The Ryder Cup

Not unusually for me, I’m sitting in a dark hotel room, and dawn is just beginning to light the sky, here in the city of the flying vegetable. They did have bar named “Mama Lik It” but I forgot to take a picture of it. And no, I did not misspell “lick” by mistake. That is the way it was on the sign. 😊 Yes, I’m in Pattaya, Thailand again. Taking a break for a few days before the final work sprint in the Philippines prior to returning to Argentina.

When I travel, I tend to watch the golf channel on TV. As most of you may know, I don’t play golf. I don’t have a high opinion of the game from a cultural perspective, although I am well aware that it is an extremely challenging. I hesitate to call it a sport, maybe it should be considered a game. The reason I watch golf, in general, is because for the most part it is an extremely calming spectacle. It doesn’t matter what match your watching in one part of the world or the other, it is always a fairly laid-back affair, laden simply with the drivel of the commentators (no different than other sports). And honestly, I can’t tell one match from the other.


This morning however, I was watching a “movie” of the 2018 Ryder Cup challenge. For those of you who don’t know, that is where two teams of highly ranked professional golfers, one from Europe, and the other from the U.S., play each other.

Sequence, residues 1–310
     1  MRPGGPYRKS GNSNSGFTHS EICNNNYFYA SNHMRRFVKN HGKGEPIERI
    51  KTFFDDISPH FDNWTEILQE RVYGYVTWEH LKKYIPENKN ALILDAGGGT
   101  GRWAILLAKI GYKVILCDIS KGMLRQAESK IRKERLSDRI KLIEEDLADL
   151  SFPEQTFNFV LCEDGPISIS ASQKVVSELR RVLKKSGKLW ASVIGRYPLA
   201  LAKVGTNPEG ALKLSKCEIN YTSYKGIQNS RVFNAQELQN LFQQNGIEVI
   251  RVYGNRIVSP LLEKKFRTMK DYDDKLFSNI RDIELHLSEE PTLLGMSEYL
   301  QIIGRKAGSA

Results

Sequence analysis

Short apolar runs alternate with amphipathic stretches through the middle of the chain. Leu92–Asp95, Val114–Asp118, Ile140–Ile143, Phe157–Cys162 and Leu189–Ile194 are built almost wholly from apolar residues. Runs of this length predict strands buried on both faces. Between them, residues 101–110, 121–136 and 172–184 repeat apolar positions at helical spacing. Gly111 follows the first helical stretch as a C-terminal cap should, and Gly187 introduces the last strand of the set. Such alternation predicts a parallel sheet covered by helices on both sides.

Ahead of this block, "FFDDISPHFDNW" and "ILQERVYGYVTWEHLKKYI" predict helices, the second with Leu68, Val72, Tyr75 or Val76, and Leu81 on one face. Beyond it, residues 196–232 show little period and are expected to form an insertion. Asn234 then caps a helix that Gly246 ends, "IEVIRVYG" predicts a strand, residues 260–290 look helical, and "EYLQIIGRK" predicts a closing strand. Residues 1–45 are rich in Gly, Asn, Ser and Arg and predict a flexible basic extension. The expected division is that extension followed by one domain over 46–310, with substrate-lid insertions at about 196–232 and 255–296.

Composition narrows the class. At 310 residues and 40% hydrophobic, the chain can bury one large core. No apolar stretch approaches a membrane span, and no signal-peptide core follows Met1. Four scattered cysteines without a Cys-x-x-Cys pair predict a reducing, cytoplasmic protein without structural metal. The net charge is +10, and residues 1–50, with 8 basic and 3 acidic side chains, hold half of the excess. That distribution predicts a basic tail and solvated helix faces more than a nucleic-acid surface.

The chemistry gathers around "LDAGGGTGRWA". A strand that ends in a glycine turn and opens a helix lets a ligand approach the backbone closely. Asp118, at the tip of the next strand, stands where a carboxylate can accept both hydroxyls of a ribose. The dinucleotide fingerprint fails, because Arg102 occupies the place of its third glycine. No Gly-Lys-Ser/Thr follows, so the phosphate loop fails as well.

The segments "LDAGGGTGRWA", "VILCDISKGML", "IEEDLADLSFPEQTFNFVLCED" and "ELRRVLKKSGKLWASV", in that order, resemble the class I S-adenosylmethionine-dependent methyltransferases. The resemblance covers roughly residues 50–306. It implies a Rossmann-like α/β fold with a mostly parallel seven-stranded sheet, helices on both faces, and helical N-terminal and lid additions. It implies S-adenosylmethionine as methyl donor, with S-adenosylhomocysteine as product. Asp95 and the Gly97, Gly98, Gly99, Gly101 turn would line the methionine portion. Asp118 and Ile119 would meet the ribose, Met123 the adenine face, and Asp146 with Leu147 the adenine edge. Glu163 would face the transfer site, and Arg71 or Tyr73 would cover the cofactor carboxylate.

I was appalled and depressed at the same time. The camera showed thousands of people thronging the course, many egregiously dressed in either American or European union flag regalia. Did they really stand in front of a mirror before they left their abode and say “Wow, I look good.”?

Quite apart from the fact that I consider golf to be an environmental offense (simply because it occupies a huge amount of space, takes an inordinate amount of natural resources such as water, and only services an extraordinarily small number of individuals), I found this particular event to be an appalling display of tribalism/nationalism, certainly not at its worst, but a reprehensible display nonetheless.

For the love of Christ! Who in their right mind cares whether a team from one country beats a team from another country? How terminally stupid are these people? I am utterly at a loss as to what drives displays like this. Marketing, money, and advertising of course. But I am reasonably sure that most of the “fans” don’t really think about that. I think they genuinely attach importance as to whether the team from their “region” wins or not. Why? What possible importance could an event like this have for anything?

I am a minimalist (to some degree), and I consider myself a Stoic philosophically. One of the precepts of being a Stoic is to be in the world, but not of it. At no time do I feel that more than when I am watching sporting events.